23 February 2009
Some scientists are convinced that the Darwinian theory of evolution provides a satisfactory explanation for the origin of different life forms, including the human race. Richard Dawkins says: “The theory is about as much in doubt as the earth goes round the sun.”
Other scientists are not so certain. Molecular biologist, Michael Denton, responds to Dawkins: “Now of course such claims are simply nonsense. For Darwin’s model of evolution is still very much a theory and still very much in doubt when it comes to macroevolutionary phenomena.”
An example of such doubt is given by David Raup, one of the world’s most respected paleontologists. He writes: “Darwin predicted that the fossil record should show a reasonably smooth continuum of ancestor-descendant pairs with a satisfactory number of intermediates between major groups. Darwin even went so far as to say that if this were not found in the fossil record, his general theory of evolution would be in serious jeopardy. Such smooth transitions were not found in Darwin’s time.”
150 years after the publication of the Origin of Species, we now possess a rich body of fossil knowledge. Did paleontology discover the “missing links”? Raup answers: “We actually may have fewer examples of smooth transitions than we had in Darwin’s time, because some of the old examples have turned out to be invalid when studied in more detail... if Darwin were writing today, he would still have to cite a disturbing lack of missing links or transitional forms between major groups of organisms.”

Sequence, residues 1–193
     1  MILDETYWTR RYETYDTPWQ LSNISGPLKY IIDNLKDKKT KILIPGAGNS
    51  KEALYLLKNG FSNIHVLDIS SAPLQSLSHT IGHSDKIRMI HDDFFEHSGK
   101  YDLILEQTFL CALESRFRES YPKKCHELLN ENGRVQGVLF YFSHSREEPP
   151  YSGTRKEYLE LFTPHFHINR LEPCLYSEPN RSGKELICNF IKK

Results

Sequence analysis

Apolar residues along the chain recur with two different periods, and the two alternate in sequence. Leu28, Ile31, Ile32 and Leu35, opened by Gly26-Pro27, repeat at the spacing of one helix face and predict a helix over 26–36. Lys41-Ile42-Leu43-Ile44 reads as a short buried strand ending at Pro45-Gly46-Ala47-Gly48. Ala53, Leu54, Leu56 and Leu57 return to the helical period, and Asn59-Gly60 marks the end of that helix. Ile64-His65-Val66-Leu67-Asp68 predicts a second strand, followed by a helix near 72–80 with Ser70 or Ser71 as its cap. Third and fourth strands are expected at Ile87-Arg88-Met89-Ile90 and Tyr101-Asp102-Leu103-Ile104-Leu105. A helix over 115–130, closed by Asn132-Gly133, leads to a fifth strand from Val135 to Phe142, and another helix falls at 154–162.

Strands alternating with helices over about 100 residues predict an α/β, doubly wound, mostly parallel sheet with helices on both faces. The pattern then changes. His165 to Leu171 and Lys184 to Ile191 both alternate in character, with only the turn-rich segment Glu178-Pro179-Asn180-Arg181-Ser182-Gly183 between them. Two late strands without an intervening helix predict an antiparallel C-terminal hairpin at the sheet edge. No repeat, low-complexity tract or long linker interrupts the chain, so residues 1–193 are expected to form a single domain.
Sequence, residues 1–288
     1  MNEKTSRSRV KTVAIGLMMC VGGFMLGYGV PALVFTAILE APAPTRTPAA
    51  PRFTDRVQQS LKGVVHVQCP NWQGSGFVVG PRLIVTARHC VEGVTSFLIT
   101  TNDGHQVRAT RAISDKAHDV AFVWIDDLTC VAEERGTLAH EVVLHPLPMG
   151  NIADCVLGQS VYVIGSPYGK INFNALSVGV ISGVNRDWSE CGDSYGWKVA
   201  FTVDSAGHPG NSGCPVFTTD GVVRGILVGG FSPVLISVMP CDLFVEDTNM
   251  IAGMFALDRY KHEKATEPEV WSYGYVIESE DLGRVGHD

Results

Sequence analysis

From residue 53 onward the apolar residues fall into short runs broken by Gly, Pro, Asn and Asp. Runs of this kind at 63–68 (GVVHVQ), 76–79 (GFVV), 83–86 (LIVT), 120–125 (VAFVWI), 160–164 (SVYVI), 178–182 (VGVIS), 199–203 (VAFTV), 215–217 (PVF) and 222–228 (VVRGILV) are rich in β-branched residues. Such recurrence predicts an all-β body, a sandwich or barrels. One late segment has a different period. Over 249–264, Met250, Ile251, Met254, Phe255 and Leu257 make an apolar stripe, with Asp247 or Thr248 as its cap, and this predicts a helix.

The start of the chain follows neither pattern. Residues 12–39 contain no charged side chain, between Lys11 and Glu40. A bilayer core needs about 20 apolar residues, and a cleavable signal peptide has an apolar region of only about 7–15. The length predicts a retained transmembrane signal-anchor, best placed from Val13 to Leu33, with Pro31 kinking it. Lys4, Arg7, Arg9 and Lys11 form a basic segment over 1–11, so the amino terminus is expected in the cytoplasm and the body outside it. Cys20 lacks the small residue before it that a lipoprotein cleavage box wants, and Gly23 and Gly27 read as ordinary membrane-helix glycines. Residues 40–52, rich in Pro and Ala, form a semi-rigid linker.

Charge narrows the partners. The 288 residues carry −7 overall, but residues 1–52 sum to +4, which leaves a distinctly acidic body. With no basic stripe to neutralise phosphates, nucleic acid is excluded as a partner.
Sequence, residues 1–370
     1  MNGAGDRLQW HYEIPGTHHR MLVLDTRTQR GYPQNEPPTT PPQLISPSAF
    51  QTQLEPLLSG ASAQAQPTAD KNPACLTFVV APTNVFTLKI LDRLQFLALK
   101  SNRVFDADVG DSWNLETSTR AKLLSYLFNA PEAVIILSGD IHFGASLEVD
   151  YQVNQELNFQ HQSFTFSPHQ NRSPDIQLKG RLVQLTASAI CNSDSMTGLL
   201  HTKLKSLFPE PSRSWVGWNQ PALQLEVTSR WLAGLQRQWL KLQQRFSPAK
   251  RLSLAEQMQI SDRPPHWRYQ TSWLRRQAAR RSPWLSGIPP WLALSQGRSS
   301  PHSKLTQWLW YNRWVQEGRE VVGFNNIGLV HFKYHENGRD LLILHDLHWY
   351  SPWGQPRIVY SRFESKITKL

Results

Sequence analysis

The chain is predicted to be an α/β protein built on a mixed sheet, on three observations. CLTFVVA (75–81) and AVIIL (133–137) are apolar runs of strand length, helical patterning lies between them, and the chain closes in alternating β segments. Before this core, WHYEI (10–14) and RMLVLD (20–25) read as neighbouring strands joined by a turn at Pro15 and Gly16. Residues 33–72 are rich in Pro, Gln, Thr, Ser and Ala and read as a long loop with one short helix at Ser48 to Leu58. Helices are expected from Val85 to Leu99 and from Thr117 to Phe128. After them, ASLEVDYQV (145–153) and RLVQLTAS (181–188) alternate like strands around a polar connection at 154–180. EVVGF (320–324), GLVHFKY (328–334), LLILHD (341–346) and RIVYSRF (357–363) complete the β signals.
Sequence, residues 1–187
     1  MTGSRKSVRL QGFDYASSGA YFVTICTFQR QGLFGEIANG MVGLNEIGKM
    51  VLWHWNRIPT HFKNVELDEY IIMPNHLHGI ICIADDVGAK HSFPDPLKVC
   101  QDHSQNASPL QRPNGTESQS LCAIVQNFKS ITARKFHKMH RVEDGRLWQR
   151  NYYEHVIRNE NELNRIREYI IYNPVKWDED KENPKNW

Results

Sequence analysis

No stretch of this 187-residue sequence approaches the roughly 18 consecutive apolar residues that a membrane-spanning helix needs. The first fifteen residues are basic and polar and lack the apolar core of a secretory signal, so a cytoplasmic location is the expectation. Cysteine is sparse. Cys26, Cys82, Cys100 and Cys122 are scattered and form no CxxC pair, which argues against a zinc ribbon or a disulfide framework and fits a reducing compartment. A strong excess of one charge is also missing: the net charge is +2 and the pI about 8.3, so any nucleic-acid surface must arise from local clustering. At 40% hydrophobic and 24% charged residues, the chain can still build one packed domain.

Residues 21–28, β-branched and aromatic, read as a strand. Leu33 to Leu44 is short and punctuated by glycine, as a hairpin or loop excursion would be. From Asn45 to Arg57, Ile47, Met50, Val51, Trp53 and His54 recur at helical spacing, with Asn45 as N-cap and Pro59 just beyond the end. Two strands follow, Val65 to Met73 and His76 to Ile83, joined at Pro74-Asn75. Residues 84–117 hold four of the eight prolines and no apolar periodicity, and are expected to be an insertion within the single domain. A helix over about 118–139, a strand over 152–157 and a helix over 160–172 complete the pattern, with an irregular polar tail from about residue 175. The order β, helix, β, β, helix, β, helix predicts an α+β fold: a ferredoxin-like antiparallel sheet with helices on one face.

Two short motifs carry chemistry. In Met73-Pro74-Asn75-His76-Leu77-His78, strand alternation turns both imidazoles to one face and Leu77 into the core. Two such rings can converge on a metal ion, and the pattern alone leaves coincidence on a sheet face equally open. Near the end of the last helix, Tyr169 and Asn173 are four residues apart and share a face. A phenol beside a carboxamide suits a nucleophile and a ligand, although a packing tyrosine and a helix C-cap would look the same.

The scientific study of fossils should be the prime witness to Darwin’s case, but contrary to popular opinion, it is not. Prof. Steven M. Stanley of Johns Hopkins University wrote in 1979, "The known fossil record fails to document a single example of phyletic evolution accomplishing a major morphologic transition and hence offers no evidence that the gradualistic model can be valid."
In other words, the Darwinian model is not supported by fossil evidence.
Yet despite the evidence to the contrary, modern biologists must continue to defend evolution. They cannot do otherwise as long as materialism (or naturalism) remains their basic presupposition. Simply stated, materialism is the belief that everything that actually exists is material, or physical. God is excluded a priori. The materialist believes that reality is confined to nature’s box, and there is absolutely nothing outside. Some of us still remember Carl Sagan declaring: ‘The Cosmos is all there is, or was, or ever will be.’
Thus, even if the evidence points towards intelligent design, the materialist cannot even consider the possibility of an intelligent Creator. He must explain away the incredible complexity of life in terms of chance and the blind physical forces. He has no alternative if the cosmos is all there is.
I choose not to be so narrow minded. I believe in God. To me, the wonderful design of a microscopic cell and the vast information coded in DNA – more complex than any computer software – do not point to blind chance and random processes, but to an Intelligent Designer.